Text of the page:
This is why workers are fed up with Ontario’s precarious, low-wage economy
Having a job in Ontario isn't the same as it used to be.
Having a job in Ontario isn’t the same as it used to be.
Two recent reports released by the Canadian Centre for Policy Alternatives and the Workers’ Action Centre point to a continuing trend of precarious, low-paying jobs and deepening inequality in Canada’s biggest province.
Here are a few of the problems workers are taking issue with:
Ontario’s low-wage workforce has grown for two decades
Total employment in Ontario has grown by 30% over the past 20 years, but at the same time, the low-wage workforce has grown by a staggering 94%.
Between 2004 and 2014, low-wage jobs have increased from 22% of the province’s overall workforce to 33%.
And while 2.4% of Ontario’s population earned the minimum wage in 1997, that number exploded five-fold to 11.9% in 2014.
According to Statistics Canada, the vast majority of these minimum wage earners are over 20-years-old.
More precarious jobs are being created than full-time jobs
Since 2000, part-time work in Ontario has grown by 25% while temporary jobs have risen by 40%.
Over the same period, full-time work grew by only 16%.
As of 2014, half of Ontario workers do not work 40 full hours per week, with the share of employees working less than 40 hours per week has grown from 42.5% in 1997 to 50.5% in 2014.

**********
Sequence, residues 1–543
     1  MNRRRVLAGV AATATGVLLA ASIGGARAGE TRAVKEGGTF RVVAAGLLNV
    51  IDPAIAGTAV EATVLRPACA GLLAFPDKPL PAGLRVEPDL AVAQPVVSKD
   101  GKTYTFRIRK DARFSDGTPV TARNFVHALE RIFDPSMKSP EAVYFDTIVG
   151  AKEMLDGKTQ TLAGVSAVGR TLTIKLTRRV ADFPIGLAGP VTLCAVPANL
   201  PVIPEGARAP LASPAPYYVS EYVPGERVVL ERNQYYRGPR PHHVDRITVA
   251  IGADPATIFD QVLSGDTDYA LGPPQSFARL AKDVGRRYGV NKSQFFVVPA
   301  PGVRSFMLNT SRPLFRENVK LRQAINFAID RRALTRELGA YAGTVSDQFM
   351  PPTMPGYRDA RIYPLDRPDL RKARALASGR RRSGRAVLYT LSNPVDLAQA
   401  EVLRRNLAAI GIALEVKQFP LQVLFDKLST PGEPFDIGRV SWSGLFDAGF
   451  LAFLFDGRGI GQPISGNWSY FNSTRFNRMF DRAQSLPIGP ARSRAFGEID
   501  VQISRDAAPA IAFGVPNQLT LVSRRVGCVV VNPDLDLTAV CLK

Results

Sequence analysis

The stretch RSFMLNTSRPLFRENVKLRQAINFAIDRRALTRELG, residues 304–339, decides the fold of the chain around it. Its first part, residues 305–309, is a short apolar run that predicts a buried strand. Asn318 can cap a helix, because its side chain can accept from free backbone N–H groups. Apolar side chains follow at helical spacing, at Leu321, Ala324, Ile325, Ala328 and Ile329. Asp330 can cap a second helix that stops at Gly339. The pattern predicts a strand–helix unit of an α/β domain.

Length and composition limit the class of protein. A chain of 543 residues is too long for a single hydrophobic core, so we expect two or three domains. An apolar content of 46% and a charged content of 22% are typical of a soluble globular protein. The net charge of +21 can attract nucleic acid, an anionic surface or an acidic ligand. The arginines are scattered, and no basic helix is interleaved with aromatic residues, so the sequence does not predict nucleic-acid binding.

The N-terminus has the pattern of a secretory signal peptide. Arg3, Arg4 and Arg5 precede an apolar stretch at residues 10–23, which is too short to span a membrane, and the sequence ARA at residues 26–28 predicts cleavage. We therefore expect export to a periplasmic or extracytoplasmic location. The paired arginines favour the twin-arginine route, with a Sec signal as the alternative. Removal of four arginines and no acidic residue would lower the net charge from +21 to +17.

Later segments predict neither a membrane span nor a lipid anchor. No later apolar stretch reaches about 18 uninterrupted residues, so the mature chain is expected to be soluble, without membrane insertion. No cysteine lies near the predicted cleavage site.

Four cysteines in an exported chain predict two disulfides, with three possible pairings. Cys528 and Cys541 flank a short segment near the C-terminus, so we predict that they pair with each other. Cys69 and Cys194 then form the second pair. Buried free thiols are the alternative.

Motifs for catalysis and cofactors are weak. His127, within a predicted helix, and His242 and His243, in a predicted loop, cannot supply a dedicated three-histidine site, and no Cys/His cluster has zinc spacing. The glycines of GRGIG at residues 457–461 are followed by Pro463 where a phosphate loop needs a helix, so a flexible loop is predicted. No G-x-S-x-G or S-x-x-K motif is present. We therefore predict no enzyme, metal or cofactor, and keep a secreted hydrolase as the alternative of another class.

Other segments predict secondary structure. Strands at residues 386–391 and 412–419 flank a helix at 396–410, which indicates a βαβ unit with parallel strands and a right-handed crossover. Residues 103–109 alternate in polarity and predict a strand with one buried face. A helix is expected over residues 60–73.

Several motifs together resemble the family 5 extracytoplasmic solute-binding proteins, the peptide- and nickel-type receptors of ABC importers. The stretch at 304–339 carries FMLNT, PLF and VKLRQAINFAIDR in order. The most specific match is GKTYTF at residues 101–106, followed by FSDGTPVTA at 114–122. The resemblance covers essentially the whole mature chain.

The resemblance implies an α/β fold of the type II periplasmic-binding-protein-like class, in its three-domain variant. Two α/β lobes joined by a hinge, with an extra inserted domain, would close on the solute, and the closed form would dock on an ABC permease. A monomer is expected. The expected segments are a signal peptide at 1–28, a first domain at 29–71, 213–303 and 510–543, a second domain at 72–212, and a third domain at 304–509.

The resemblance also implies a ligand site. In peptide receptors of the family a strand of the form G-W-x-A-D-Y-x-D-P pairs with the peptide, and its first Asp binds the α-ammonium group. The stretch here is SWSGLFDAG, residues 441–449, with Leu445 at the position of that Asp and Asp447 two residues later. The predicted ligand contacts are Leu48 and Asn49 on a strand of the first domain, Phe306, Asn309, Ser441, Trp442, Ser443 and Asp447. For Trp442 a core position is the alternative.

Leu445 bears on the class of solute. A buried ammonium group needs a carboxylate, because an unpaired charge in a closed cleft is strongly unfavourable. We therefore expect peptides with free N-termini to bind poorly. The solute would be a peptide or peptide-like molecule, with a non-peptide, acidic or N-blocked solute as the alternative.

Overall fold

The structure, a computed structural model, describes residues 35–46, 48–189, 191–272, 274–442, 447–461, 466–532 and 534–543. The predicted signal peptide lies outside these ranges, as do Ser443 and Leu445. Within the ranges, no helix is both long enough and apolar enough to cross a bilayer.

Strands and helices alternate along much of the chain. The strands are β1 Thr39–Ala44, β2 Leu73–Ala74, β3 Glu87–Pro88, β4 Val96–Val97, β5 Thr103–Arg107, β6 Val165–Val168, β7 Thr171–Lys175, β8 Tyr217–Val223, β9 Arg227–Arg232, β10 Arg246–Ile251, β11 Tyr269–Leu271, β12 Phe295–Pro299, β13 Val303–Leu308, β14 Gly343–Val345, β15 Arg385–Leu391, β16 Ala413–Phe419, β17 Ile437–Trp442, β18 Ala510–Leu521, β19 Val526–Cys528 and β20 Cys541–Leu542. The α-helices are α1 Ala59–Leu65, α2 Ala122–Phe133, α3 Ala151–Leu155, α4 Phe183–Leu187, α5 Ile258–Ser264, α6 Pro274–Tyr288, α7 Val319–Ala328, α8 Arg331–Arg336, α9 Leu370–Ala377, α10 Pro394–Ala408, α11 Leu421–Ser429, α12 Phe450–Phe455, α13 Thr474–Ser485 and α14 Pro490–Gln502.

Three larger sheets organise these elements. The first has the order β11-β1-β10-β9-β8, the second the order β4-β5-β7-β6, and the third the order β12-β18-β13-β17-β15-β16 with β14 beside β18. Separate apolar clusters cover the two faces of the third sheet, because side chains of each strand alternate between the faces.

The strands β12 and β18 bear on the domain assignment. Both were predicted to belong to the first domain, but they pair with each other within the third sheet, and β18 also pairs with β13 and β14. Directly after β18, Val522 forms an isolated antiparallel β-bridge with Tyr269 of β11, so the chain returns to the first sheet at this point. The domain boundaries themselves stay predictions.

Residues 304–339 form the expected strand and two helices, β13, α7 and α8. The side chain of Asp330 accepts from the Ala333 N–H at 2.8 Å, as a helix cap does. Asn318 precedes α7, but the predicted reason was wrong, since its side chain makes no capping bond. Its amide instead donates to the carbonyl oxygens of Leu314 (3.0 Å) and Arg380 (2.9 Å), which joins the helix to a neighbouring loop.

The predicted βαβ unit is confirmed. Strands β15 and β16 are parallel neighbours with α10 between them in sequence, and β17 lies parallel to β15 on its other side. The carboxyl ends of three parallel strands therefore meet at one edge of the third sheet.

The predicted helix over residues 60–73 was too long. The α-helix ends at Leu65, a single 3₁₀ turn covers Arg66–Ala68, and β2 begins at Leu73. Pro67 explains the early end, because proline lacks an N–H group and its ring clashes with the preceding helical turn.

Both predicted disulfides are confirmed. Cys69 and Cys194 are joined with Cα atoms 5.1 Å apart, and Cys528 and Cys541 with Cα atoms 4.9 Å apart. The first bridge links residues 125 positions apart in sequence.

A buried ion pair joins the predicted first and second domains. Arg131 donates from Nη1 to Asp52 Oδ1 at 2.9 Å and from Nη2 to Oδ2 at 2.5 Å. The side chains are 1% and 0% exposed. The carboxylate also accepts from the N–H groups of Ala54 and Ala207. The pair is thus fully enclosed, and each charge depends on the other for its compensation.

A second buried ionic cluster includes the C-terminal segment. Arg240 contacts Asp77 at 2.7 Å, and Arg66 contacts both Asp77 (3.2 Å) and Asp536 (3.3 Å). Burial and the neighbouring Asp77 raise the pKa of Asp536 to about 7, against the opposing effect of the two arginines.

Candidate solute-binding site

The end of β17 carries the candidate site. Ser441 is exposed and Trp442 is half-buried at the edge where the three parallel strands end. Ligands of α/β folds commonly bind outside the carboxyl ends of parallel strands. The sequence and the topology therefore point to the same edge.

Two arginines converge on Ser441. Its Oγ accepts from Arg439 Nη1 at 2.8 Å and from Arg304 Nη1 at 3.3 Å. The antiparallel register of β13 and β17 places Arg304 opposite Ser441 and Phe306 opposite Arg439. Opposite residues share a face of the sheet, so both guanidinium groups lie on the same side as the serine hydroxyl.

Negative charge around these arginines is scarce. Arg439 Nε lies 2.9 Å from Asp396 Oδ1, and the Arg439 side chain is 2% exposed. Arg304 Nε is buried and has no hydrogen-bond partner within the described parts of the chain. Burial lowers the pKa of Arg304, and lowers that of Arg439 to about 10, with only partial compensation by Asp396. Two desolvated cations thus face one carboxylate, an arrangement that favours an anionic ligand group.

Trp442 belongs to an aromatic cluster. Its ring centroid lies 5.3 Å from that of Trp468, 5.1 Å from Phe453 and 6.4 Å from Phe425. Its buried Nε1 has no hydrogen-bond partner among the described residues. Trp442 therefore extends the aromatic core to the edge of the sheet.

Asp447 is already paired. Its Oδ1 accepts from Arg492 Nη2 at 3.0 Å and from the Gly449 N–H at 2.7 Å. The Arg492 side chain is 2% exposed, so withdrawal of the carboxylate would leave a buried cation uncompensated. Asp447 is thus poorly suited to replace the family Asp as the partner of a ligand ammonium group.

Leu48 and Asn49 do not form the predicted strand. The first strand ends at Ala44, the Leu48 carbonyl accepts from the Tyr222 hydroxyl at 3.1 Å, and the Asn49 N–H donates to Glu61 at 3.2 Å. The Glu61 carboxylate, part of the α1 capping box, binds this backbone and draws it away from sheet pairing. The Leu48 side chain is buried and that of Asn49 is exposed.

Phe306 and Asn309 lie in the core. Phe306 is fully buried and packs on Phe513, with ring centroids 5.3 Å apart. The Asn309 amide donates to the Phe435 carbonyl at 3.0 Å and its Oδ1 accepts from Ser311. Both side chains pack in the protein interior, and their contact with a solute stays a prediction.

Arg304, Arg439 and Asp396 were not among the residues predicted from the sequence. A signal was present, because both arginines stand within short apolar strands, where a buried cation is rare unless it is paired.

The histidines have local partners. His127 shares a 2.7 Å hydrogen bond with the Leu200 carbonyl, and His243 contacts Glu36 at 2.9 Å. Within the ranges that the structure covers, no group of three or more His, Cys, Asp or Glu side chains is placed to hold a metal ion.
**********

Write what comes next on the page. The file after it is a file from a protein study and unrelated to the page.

Many of those workers would like to work more hours, however – in 2013, 32% of part-time workers reported they’d prefer working full-time hours.
Work hours are increasingly unpredictable
Not having predictable work hours can make life difficult, particularly for workers with families.
In 2014, 62.9% of Ontario’s minimum wage workforce said they experienced variations in their work hours from one week to the next. Over 40% of those earning slightly above minimum wage (between $11 and $15 per hour) also reported unpredictable work hours.
Nearly 1 in 3 workers don’t have sick leave protection
When it comes to sick leave, there’s a big gap between low and high-paid workers.
Only 16.8% of Ontario workers earning less than $11 per hour and 24.9% of workers earning between $11 and $15 per hour got paid for a full-week absence from work in 2014.
Meanwhile, 56.8% of those earning over $15 per hour got paid time off.
As the CCPA report points out, “the lower a worker’s earnings, the more likely an absence from work will be unpaid; the higher the worker’s earnings, the more likely an absence from work will be paid,” suggesting a need for “enhanced leave provisions” covering emergencies or extended illnesses for low-paid workers.
Ontario’s labour laws are full of exemptions
Ontario’s labour standards aren’t universal, thanks to an elaborate series of loopholes and special rules.
Based on age or occupation, some workers are exempted from standard minimum wage laws, as well as other rules covering rest times, public holidays, vacations and overtime. As well, workers employed by a company for less than five years don’t qualify for severance pay.
According to the WAC, “low-income employees are much less likely to be covered by most [Employment Standards Act] provisions, ncluding those related to minimum wage, overtime public holidays, personal emergency leave, and severance pay.”
They point out this gap is especially pronounced among “recent immigrants,” particularly, “young, racialized, and recent immigrant women.”
Photo: 15 and Fairness.
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